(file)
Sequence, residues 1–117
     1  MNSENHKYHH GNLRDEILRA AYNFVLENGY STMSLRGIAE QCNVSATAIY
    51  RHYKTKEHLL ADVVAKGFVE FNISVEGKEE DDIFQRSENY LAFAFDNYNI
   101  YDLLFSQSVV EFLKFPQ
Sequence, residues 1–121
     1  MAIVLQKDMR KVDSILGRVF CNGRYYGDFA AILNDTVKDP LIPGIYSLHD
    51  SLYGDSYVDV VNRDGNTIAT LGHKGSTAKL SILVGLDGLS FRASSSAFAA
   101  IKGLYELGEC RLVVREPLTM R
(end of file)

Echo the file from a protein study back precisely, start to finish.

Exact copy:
Sequence, residues 1–117
     1  MNSENHKYHH GNLRDEILRA AYNFVLENGY STMSLRGIAE QCNVSATAIY
    51  RHYKTKEHLL ADVVAKGFVE FNISVEGKEE DDIFQRSENY LAFAFDNYNI
   101  YDLLFSQSVV EFLKFPQ
Sequence, residues 1–121
     1  MAIVLQKDMR KVDSILGRVF CNGRYYGDFA AILNDTVKDP LIPGIYSLHD
    51  SLYGDSYVDV VNRDGNTIAT LGHKGSTAKL SILVGLDGLS FRASSSAFAA
   101  IKGLYELGEC RLVVREPLTM R